Chop. Splatter. Repeat. — "Hatchet III" hokey but hacks out a bloody, decent time

Hatchet III (2013)
81 min., not rated (but equivalent to NC-17).

Staunch horror junkies crave what they crave, and they obviously craved for more Victor Crowley doing what he does best. Indie writer-director Adam Green must not have known he'd have a series on his hands (or maybe he did) when his 2007 low-budget effort "Hatchet," a fun, cheeky, gleefully gory throwback to "Old-School American Horror," took the horror community by storm. What 2010's witless, repetitious "Hatchet II" lacked in low-budget charm and brains made up for in over-the-top, crowd-cheering buckets of blood and gore, if that counts for something. Normally, another horror sequel (with a Roman numeral in the title) about an unstoppable, kill-happy "repeater" wouldn't sound like it could hack out the goods. Regardless, "Hatchet III" makes no bones about what it is an amusing, gloriously gory body-count movie. It might repeat itself but does its job better than expected.

Per usual, "Hatchet III" picks up from the final frame of "Hatchet II." Barely escaping with her life and finishing off the hideous, unkillable Victor Crowley (Kane Hodder), who has the face only a mother could love, heroine Marybeth (Danielle Harris) is suspected of committing Crowley's massacre and held in custody by skeptical Sheriff Fowler (Zach Galligan). Journalist/Fowler's ex-wife Amanda (Caroline Williams) is also an expert on the legend of Crowley, so she requests Marybeth's help because, natch, she's the only one who can make the murders stop in Louisiana swamp country. Here's a tip: don't try attaching yourself to any character because, most likely, no one will be around long enough before becoming steak tartare. Skulls get crushed like watermelons, viscera flows, and blood splatters like a geyser at Yellowstone National Park.

Screenwriter Green is back to the pen but has passed the directing torch to experienced camera operator BJ McDonnell, who makes his debut here. The pic is hokey and never scary, but the director is never any less unapologetic about delivering quick, nasty jolts and gruesome, blood-soaked kills, courtesy of practical effects and silicone, with the same severed-tongue-in-cheek tone. There is a sparing amount of winks and nudges without becoming an outright spoof, and there are fun little nuggets that call back to Green's original. The pacing is also snappier than ever; it isn't front-loaded with a feet-dragging wind-up before the slashing like the first and is never as uneven as the first sequel.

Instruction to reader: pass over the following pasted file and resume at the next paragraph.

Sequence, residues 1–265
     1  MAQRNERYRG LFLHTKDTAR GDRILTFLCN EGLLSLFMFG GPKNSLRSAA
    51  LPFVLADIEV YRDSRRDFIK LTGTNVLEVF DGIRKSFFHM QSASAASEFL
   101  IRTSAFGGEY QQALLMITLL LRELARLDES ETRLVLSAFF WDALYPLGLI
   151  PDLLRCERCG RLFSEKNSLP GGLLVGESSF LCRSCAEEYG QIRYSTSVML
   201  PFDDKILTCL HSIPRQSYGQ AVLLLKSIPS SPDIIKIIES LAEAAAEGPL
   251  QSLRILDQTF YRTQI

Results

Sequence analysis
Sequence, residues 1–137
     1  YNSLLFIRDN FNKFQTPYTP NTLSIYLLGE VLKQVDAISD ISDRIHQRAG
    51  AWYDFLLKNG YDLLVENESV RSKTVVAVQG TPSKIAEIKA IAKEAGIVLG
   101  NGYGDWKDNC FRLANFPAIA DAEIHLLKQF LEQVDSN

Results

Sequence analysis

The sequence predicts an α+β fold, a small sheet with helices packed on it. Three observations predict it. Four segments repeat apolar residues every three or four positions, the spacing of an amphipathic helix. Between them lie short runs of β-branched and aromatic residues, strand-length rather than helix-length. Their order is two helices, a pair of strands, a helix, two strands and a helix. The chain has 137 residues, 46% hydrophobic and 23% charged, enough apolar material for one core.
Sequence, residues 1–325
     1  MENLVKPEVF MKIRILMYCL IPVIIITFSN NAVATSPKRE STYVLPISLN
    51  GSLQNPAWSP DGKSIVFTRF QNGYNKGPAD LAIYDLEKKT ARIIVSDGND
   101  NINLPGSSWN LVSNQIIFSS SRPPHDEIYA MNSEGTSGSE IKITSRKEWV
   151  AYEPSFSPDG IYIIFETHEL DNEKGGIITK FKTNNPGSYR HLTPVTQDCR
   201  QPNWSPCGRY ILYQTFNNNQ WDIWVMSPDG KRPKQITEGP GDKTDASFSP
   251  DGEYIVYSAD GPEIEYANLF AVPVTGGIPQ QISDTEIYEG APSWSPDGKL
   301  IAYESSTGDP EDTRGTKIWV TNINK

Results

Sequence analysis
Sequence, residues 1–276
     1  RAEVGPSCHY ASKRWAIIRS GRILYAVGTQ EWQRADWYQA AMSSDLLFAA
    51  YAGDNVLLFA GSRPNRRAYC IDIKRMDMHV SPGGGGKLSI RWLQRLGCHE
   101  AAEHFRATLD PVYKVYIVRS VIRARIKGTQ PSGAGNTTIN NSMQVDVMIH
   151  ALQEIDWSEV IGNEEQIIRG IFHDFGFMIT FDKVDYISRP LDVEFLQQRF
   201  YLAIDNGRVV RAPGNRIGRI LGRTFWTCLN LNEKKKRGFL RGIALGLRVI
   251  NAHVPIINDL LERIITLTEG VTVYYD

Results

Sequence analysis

Scream queen Harris reprises her take-over role as Marybeth, looking weary but upping her pissed-off sass. Galligan, of "Gremlins" fame, broadly chews apart the scenery as much as Crowley does with his bare hands and weapons. Williams, who will always be plucky, spirited deejay Stretch from "The Texas Chainsaw Massacre 2," is just as energetic and committed here as the exposition dumper. As a bonus, Rob Zombie favorite Haig turns up as an enjoyably ornery old man and creator Green continues his cameo appearance as that same drunken Mardi Gras partier. It's also kind of fun to see the longtime Jason Voorhees (Hodder) and the 2009 "Friday the 13th" remake's Jason (Derek Mears, playing a SWAT team leader) go head to head at one point.

Any horror fan knows that you have to go through a lot of horror pics to find a good one. Provided that you know bad acting and ticky-tacky effects (like the blood-spraying stumps) are often inherent to the fun of the genre, "Hatchet III" isn't what you'd call "good" or serious horror cinema, but, at the very least, it offers up a good time. As the alleged capper of this complete trilogy, it's purely a horror flick you can enjoy and then shrug off but still puts a pleasing stake (actually, a tree limb) into the series.

Grade: B -